Don't rush it—use data and analysis to build a solid plan
Strategic planning needs to incorporate data that instills confidence—a plan based on intuition alone can lead to wrong decisions. During times of uncertainty like COVID-19, data is harder to leverage as many older baselines are not relevant. The solution is to test data quickly and let the data guide the decisions you make regarding your target market and priorities.
"A common pitfall is relying on older data that's not adjusted for a new reality. Past intuition is great, but data needs to help lead the discussion and decision," said Alon Waks, CMO, Advisor, and Consultant of Flywheel Consulting. "We're all writing a new playbook."
Collaborate and communicate
Throughout the strategic planning process , make sure everyone's on the same page. Your team should be included in every strategic decision, no matter how small—and that doesn't mean just communicating the change, either. Set up a 30-minute call or meeting to discuss the proposed change and develop a new plan together. Hold it in a breakout room, assign a moderator, and record the session for those who can't attend in-person. "Not only will you end up with a team which is more on board with the strategy, but usually you'll make a better decision, too," says Laing.
Effective collaboration and communication during the strategic planning process also ensure greater buy-in once the strategic plan is finalized and published. "Folks will feel they had a voice in where the company is headed," says Kelly.
Follow up and review after executing a strategy
No strategic plan is ever final. As you execute against your plan, it's important to review the results, iterate, and optimize. But don't jump the gun: Establish clear KPIs aligned to your company goals, and then set a realistic expectation of when you expect to see results. And make sure to budget time for reactive tasks. This way, you can act on new ideas and also clearly see when priorities need reshuffling.
Strategic planning is no easy task, and that's why it's so easy to fall into these common pitfalls of planning. However, with the right tools and a bit of forethought and strategic planning, you can beat the odds and execute strategic plans and shape your organization's future.
Take the next step and learn how to conduct your next strategic planning session in Lucidspark.
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Formal Strategic Planning in highly uncertain and dynamic environments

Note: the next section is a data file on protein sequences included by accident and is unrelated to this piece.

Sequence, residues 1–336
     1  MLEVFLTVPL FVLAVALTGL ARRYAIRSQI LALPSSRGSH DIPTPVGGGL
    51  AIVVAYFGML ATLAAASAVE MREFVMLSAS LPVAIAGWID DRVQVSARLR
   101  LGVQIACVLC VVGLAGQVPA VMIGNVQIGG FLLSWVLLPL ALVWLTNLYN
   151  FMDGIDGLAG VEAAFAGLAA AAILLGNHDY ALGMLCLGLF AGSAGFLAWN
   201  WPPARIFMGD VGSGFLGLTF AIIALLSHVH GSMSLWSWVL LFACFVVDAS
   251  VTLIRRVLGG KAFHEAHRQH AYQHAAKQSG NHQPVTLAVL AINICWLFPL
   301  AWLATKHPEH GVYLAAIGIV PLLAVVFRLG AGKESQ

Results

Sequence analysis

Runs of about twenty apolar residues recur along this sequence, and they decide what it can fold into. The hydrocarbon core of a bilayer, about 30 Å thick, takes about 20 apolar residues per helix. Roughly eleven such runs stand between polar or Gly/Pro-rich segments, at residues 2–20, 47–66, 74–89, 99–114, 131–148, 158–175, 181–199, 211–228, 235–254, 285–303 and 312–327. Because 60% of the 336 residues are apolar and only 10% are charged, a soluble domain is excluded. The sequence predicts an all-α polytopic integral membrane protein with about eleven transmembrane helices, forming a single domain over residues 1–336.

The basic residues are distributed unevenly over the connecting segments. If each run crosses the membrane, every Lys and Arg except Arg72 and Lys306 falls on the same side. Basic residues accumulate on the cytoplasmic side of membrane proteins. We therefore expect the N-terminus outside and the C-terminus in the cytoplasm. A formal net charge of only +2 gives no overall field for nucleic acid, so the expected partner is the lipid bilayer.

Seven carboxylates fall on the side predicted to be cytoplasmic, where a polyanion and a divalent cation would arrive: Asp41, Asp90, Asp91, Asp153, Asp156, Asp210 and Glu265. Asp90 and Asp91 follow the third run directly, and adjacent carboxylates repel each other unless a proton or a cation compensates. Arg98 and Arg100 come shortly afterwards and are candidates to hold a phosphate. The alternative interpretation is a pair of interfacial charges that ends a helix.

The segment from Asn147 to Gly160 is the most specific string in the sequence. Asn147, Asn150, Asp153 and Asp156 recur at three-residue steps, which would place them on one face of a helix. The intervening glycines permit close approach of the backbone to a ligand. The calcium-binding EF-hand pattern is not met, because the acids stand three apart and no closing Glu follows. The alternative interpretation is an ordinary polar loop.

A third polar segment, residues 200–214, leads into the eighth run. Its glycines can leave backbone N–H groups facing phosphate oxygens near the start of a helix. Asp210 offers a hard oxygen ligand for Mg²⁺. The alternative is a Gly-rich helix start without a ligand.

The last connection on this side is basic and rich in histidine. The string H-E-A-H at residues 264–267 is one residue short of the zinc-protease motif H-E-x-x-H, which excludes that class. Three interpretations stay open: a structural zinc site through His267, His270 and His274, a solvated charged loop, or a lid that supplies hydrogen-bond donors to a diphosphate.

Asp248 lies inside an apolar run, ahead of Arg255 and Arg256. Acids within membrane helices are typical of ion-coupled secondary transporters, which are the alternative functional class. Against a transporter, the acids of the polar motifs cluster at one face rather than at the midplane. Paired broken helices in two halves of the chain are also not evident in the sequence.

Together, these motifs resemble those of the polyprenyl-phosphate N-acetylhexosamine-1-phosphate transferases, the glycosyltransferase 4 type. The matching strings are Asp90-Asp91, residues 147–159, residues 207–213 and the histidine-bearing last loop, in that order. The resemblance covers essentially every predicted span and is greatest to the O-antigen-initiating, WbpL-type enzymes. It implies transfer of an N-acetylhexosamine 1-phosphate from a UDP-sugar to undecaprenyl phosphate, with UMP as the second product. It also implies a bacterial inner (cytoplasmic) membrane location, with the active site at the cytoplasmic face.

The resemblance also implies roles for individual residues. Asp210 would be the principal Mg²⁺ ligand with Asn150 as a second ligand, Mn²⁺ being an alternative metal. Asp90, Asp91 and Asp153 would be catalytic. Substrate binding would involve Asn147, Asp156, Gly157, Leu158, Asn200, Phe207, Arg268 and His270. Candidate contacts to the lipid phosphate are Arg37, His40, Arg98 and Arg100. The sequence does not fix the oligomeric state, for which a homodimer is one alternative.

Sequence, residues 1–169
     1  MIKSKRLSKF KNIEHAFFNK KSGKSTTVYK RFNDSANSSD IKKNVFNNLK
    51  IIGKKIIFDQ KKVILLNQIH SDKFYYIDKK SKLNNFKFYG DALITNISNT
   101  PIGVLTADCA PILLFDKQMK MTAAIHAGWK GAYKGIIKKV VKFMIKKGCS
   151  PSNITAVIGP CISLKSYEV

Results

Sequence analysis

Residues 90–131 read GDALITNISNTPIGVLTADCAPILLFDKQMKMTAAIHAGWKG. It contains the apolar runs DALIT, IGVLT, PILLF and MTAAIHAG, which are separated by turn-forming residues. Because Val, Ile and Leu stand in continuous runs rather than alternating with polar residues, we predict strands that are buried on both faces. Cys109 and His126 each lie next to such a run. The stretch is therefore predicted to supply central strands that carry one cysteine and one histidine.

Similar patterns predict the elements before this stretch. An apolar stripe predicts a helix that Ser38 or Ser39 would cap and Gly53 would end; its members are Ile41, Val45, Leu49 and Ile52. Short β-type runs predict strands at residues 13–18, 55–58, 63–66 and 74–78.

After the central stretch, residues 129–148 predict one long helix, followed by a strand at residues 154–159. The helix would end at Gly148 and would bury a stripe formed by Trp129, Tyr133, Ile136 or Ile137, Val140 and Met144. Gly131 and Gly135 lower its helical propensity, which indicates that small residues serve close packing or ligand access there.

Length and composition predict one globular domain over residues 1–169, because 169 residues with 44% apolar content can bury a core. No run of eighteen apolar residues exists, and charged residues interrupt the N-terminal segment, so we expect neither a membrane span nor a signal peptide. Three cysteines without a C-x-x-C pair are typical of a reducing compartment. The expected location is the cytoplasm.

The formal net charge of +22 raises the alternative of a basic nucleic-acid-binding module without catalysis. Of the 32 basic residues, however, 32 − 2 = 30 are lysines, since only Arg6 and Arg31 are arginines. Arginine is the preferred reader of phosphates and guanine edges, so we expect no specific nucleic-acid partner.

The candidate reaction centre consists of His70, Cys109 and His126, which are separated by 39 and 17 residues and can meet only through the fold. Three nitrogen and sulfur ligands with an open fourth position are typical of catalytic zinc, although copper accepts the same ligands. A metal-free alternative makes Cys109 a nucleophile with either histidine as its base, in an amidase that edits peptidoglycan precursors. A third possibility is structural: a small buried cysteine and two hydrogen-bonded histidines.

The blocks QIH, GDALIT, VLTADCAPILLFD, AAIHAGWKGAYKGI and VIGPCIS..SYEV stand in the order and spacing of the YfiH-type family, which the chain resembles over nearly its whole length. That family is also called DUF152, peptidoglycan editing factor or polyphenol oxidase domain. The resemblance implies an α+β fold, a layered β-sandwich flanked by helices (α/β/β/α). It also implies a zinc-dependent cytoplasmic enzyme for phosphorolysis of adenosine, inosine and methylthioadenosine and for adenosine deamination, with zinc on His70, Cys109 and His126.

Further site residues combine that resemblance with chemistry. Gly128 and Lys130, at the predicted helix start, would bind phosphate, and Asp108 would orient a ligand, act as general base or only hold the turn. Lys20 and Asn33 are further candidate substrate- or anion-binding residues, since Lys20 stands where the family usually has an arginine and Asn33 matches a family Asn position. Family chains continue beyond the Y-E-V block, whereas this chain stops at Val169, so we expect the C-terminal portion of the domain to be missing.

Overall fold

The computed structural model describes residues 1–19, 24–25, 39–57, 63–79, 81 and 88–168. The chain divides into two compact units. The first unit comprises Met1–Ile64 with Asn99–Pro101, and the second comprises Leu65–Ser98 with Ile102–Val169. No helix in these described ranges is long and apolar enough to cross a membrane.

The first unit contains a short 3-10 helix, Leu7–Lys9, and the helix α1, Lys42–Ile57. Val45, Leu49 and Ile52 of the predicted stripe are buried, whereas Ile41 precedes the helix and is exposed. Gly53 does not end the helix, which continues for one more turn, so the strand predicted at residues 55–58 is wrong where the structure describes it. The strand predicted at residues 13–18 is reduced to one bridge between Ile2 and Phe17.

Essay, 2014, 9 pages, grade: a, franz-joseph reisner (author).
Abstract or Introduction
This essay will critically evaluate whether formal strategic planning is no longer an applicable approach for corporate decision-making in today's highly uncertain and dynamic business environment. In recent decades company leaders have been quite successful maneuvering their organisations through daily business and a number of economic crises by the means of formal strategic planning. Arguably, it offers several benefits on the one side, but also drawbacks on the other side. The first part of this essay will focus on the nature of formal strategic planning and its key characteristics as well as potential advantages and disadvantages. The second part will then evaluate why the formal planning approach may be perceived as not comprehensive enough in today's highly uncertain and dynamic environment, yet show how it may still be able to make crucial contributions towards sound, efficient and comprehensive corporate decision-making.
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Strategic Planning: Why It Makes a Difference, and How to Do It
Take action before problems reach crisis level. Strategic planning provides the structure to make day-to-day decisions that follow a larger vision, creates a direction for your practice, and maximizes your options for influencing your environment.
In oncology practice, where dramatic changes in reimbursement, technology, and the marketplace are just a few of the driving forces, “the future,” as Yogi Berra once said, “ain't what it used to be.” You may not be able to control the future, but strategic planning can create a direction for your practice and maximize your options for influencing your environment. Without it, your group will likely take action only to address immediate problems—a kind of crisis management approach. Strategic planning gives a practice the structure to make day-to-day decisions that follow a larger vision. This article presents the principles of strategic planning and outlines processes that your practice can adapt for short- or long-term planning. Strategic decision making is needed now more than ever for success in oncology practice.